Home » U.S. Politics » Economy » October Jobs Report: US Employers added better-than-expected 531,000 Employees
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After September’s disappointing jobs report, the October jobs report offered some hope as employers added 531,000 jobs and unemployment fell from 4.8 percent in September to 4.6 percent. Job creation is roaring back, and nearly every industry demonstrated strong hiring in areas from restaurants to healthcare to retailers.

On Friday, the Labor Department released its monthly jobs report, showing that 531,000 jobs were added during the month of October. This was well above Wall Street’s expectations of 450,000. Although this is a relatively low unemployment number, it is still much higher than the pre-pandemic jobless rate of 3.5 percent.

Julia Pollack, a chief economist for ZipRecruiter, said, “Hiring picked up in October as the delta surge waned, with the vast majority of industries contributing job gains, particularly leisure and hospitality. The report clearly points to a demand-driven recovery where rapid hiring is shrinking the ranks of unemployed workers.”

This is hopeful for many, as leisure and hospitality was one of the industries hardest hits by the coronavirus pandemic. This industry accounted for the biggest payroll gain in October as it saw an increase in 164,000 new employees. Although many restaurant and bar owners have made the news by having to shutter their businesses during the pandemic, this sector of the hospitality industry actually added 164,000 jobs alone. Hotels and other accommodation services saw an increase of 23,200 new employees. This is a sign that more Americans are beginning to venture out to travel, eat, and shop.

Experts show that the hospitality sector is seeing more and more jobs available. In 2021, employment in the hospitality industry grew by 2.4 million this year. However, it should be noted that today there are 1.4 fewer jobs in the hospitality and leisure industry than in February 2020 prior to the pandemic.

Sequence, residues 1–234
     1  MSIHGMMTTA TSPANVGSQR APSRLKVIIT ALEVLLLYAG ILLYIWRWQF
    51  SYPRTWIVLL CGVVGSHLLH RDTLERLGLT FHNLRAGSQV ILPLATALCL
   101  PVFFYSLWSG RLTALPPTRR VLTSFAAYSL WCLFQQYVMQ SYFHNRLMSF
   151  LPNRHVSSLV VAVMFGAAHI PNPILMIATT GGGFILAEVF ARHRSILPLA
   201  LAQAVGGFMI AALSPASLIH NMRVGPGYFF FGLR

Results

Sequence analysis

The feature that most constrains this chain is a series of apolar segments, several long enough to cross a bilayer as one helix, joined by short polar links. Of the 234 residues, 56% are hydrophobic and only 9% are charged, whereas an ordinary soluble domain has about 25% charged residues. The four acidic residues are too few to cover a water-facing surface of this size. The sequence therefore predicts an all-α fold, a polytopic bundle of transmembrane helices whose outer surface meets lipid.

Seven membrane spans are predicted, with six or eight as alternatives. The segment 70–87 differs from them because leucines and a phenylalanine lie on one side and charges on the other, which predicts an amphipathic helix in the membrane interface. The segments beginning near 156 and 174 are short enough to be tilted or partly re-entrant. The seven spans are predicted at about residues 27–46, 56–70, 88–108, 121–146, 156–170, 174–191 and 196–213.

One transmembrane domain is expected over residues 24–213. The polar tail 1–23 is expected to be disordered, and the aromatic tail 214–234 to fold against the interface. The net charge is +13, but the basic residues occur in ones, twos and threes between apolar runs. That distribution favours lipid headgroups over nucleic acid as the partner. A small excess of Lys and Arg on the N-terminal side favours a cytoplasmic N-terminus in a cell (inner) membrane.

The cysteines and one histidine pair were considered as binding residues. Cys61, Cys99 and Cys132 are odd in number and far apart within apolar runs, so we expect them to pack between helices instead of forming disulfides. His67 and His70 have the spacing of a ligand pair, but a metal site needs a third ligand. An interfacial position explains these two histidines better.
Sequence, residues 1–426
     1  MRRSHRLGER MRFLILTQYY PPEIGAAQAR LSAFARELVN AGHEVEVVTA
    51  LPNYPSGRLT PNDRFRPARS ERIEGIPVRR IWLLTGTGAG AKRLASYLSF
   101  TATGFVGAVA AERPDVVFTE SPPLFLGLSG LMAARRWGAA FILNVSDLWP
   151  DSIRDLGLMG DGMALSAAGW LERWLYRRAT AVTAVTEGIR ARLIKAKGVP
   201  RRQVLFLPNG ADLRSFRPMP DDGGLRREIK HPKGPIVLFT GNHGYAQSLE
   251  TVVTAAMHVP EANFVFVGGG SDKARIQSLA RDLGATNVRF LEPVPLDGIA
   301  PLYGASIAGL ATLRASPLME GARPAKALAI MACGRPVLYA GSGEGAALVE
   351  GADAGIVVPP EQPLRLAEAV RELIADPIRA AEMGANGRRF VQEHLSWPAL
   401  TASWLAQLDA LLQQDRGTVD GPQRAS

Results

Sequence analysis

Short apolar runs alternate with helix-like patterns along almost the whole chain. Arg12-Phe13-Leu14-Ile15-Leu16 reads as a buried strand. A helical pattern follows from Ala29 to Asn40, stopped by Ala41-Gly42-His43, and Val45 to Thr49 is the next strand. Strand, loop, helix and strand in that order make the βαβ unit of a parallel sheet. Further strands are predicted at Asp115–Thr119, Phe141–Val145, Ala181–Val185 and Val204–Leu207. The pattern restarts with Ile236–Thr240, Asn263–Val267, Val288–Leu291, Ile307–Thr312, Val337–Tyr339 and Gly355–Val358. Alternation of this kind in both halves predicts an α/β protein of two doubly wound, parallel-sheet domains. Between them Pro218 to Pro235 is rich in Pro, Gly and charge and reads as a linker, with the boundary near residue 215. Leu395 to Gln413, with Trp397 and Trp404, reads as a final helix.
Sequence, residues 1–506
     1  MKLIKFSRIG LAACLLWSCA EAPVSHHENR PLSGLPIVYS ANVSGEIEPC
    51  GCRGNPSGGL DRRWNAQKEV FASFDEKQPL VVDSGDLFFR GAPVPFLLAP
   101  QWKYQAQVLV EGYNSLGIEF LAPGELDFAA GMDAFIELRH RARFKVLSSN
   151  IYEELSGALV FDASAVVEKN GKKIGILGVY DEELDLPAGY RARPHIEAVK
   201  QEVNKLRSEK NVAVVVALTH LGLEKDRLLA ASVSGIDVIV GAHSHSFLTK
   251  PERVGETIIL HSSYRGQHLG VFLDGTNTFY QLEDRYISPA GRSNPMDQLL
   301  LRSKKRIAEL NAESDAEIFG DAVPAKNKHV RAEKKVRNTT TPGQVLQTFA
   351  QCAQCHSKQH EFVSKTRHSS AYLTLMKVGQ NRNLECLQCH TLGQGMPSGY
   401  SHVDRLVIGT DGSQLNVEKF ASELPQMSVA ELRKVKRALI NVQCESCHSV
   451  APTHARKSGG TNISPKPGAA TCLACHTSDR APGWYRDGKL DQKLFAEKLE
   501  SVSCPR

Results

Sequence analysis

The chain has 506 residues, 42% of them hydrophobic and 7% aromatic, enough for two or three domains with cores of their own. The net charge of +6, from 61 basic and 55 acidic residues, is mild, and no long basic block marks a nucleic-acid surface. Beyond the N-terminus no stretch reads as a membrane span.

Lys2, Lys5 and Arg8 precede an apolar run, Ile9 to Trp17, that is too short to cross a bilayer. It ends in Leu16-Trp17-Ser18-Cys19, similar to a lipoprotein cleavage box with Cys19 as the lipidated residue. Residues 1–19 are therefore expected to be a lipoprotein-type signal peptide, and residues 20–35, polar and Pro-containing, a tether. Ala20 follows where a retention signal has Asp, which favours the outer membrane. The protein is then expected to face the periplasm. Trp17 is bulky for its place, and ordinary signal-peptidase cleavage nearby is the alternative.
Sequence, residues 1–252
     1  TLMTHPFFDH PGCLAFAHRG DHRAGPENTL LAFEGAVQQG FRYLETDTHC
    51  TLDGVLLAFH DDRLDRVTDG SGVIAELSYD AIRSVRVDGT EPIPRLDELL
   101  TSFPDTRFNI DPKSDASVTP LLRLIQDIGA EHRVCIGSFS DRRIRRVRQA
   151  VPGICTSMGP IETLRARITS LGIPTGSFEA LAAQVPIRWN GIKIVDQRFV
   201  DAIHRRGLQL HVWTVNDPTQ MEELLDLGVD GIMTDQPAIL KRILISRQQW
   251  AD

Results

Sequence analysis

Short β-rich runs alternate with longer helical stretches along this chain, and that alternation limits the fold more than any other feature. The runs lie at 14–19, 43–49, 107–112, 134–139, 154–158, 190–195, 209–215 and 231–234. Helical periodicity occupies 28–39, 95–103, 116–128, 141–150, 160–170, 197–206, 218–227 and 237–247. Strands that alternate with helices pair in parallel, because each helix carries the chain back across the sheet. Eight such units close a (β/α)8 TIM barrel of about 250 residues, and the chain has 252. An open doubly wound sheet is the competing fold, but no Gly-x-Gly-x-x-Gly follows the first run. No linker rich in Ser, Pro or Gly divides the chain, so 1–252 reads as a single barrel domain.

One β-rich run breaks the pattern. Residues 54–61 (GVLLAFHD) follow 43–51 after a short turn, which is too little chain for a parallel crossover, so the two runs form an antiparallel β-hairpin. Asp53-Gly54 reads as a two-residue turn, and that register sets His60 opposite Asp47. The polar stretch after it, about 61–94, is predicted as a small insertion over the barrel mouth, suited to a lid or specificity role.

The professional and business sector also saw a significant increase in available jobs. Payroll in this industry saw increases by at least 100,000 per month. Other notable industries that saw gains are management and technical consulting added 13,600 jobs in October; scientific research and development saw a 5,700 available jobs increase, and computer systems design as well as related services gained 7,000 jobs.

LPL financial equity strategist Jeffrey Buchbinder stated, “This is the strong progress from the job market we wanted to see. Some of the pandemic-driven headwinds preventing people from taking open jobs have started to abate, and given strong demand, we expect to see even better numbers in the months ahead.”

The return to in-person learning also saw jobs gains in the education industry. 17,000 jobs were gained in the education sector. Healthcare saw an increase of about 37,200 jobs as well.

While the supply chain crisis has been blamed on a lack of workers in a number of industries, the October jobs report showed that manufacturers saw payroll increases of 60,000 during the month. Most of these jobs were in transportation equipment makers for a total of 23,700.

The Fed said earlier that this week inflation was here to stay. In fact, some say that rising wages are actually contributing to inflation. The latest GDP, which came out a few weeks ago, shows the economy is slowing. According to Mitch Rosell, a professor at the University of San Diego Business School, businesses having to pay more for workers is making the price of goods go up.

Americans are paying $1.30 more for gas. Whole milk is up by 3.2 percent, and beef, poultry, milk, and eggs is also up over five percent from this time just a year ago. Ironically, with the hospitality industry adding so many jobs, experts are expecting the cost of accommodations to rise as well.

Again, while the jobs report was much more positive than in September, it is important to look at the overall economic picture. Could we see a crash and a loss of jobs if the consumer stops partaking in going out or traveling? Some economists think so.

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